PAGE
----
Widespread slavery in the Myanmar fishing industry

Europe is currently in talks with Myanmar to increase seafood imports from this South-East Asian country, but voices have been raised against it since reliable sources have indicated that slavery is still widespread within the Myanmar shrimp industry.

Myanmar fishmarket
Myanmar fishmarket


Myanmar, also known as Burma, borders both the Andaman Sea and the Bay of Bengal, and the fishing industry is and always has been important for the people living here.

In the 19th century, the British East India Company seized control of the administration of Burma after three Anglo-Burmese wars and the country became a British colony. Burma became an independent democratic country in 1948, but democracy was to be brief. Following a coup d’état in 1962, Burma became a military dictatorship under the Burma Socialist Programme Party.

After independence, Burma became embroiled in rampant ethnic strife and a long-running civil war. Over and over again, international organisations, including the United Nations, found evidence of consistent and systematic human rights violations.

In 2011, the military junta was officially dissolved following a 2010 general election. The famous political prisoner Aung San Suu Kyi was released, and in 2015 her party won a majority in both houses in a landmark general election.

Despite nominal improvements and the easing of trade sanctions and other economic sanctions against the country, the situation in Myanmar is still dire, with continuing criticism of the new government’s treatment of ethnic minorities and its response to religious clashes and ethnic insurgency. Also, the Myanmar military remains a powerful force in politics.

Forced labour, slavery and inhumane conditions

Slavery and other forms of forced labour in the fishing industry of Thailand have been brought to international attention in recent years, but fewer people know of the human rights abuses going on in nearby Myanmar.

The fact that the fishing industry of Myanmar is plagued by human rights violations come as no surprise though, since such practises are so widespread in Myanmar as a whole. This is, after all, a country where one in ten school-age children is involved in child labour.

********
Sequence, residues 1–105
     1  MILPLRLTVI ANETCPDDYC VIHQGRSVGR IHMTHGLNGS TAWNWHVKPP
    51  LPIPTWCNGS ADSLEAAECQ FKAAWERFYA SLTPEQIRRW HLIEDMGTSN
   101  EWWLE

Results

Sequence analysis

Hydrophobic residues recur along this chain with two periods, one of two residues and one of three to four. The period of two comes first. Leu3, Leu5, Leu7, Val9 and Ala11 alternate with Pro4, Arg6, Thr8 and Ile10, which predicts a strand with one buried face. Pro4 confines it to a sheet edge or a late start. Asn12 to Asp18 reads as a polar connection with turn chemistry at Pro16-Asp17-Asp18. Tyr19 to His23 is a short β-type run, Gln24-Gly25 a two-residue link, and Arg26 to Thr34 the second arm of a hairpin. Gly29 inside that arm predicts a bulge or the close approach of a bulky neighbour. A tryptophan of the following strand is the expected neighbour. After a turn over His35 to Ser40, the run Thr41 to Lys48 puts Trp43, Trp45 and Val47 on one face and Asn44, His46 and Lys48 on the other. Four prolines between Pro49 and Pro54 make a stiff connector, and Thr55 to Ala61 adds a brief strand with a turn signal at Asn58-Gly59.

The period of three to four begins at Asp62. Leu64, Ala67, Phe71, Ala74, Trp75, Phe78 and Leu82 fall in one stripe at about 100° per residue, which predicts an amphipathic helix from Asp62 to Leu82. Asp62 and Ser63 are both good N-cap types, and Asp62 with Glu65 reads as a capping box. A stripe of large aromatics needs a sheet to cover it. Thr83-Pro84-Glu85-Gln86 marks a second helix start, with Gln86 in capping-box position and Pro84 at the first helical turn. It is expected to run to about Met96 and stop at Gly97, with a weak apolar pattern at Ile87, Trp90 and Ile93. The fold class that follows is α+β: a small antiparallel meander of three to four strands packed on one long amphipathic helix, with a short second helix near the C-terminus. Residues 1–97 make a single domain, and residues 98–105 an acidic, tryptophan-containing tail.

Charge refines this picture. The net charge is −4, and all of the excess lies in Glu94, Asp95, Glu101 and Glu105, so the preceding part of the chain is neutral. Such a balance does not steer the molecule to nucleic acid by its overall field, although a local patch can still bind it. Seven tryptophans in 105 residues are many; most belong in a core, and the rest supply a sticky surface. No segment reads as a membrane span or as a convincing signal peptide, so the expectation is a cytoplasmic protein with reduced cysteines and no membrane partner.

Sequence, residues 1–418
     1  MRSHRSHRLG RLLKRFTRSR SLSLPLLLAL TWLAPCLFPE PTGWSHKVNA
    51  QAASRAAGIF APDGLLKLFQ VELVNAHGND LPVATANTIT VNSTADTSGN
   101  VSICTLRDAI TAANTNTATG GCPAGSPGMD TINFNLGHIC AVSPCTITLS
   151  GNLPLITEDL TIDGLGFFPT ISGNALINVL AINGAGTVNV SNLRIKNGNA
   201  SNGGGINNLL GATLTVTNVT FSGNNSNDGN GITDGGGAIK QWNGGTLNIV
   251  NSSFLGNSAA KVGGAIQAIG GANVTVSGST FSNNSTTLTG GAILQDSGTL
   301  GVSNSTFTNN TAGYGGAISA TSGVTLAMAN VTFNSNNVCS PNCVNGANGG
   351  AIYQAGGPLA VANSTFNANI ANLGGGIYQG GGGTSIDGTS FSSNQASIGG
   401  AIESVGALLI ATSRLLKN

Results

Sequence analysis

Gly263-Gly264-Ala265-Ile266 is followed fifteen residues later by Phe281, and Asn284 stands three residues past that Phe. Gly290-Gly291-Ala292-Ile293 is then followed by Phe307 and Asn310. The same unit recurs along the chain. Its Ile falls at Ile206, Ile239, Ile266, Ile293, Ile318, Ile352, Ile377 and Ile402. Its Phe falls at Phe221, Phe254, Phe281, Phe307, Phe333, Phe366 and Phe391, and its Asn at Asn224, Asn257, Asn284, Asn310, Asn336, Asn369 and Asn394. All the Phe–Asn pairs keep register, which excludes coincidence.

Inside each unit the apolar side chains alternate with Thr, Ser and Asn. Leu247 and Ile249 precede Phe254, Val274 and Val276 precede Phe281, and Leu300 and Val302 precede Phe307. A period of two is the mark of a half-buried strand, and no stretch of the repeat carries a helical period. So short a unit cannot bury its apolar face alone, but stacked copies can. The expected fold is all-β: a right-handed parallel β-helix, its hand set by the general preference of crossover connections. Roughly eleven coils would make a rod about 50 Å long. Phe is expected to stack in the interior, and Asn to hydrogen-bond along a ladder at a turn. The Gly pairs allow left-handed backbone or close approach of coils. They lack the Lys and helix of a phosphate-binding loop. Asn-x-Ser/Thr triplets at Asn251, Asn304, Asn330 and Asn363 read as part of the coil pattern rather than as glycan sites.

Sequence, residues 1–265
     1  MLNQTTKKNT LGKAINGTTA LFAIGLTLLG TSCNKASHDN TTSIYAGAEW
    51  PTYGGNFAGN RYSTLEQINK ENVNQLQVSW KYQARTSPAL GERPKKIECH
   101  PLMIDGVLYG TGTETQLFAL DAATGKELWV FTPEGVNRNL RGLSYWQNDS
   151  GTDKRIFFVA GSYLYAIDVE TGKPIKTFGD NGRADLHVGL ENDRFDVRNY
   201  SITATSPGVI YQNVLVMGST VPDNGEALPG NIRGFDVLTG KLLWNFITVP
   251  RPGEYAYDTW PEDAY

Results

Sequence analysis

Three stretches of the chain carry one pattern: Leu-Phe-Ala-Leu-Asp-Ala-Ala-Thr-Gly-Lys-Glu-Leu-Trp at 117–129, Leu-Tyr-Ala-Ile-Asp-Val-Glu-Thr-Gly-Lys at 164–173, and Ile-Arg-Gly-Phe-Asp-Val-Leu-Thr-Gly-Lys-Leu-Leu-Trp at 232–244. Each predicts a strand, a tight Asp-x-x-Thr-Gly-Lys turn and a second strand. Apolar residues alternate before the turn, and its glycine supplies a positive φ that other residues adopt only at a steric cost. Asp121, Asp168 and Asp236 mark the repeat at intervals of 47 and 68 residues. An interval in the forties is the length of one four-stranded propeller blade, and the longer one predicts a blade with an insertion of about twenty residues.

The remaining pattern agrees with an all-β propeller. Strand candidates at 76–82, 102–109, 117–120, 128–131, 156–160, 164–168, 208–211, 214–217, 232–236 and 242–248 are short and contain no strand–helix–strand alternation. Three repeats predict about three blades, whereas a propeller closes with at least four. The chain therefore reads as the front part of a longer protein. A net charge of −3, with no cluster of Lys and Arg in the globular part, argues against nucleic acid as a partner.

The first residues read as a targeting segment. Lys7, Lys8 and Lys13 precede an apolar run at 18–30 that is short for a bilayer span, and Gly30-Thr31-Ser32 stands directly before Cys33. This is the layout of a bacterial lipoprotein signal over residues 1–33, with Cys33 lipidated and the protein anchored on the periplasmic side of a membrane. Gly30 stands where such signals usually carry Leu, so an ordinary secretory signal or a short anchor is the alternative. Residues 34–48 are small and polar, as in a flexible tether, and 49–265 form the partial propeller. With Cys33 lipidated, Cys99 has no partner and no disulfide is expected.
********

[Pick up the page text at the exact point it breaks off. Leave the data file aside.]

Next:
Fishin is big business in Myanmar, a country struggling with a crippled economy after decades of colonialism, military rule and international sanctions. Between September and May, an estimated 50,000 men work to bring around 10,0000 tonnes of fish and seafood to shore.

A human rights organisation that spoke to raft workers in five communities in the Irrawaddy Delta was told of physical confinement on the rafts for months at a time. There were also excessive working hours, with fishermen working 16 hours a day, seven days a week, for the nine months of the fishing season. Raft workers also reported routine use of violence by supervisors.

Debts are often at the core of the issue in Myanmar, where debts to local money lenders make people vulnerable to exploitation. Some NGO’s have argued that the Myanmar government should void the debts to help people break free of debt bondage and break the vicious cycle. Local money lenders in Myanmar typically charge around 20% interest per month.

Foremen working on fishing rafts in the Gulf of Mottama, an arm of the Andaman Sea in the southern part of Myanmar, usually make around 1,000 USD for their nine-month working period, and this is rarely enough to both survive and pay back the loans back home. For many, the money is just barely enough to pay the interest on the loans and the principal never decreases.

Myanmar fishing

Another slavery scandal in the making?

So far, most of the fish and seafood caught in Myanmar is sold in local markets, but a sharp increase in export is expected to occur soon, as Myanmar is in advanced talks with seafood buyers and applicable authorities abroad. The Myanmar government is currently in talks about how more processors and exporters can meet the sustainability rules required by the EU. But are these sustainability rules really enough?

If the European Union continues to turn a blind eye to the mounting evidence of slavery in Myanmar’s seafood industry, we could be facing another slavery scandal in the years to come. We need to stop being careless about slavery in our supply chains and start working much harder to ensure that human rights are respected at every step.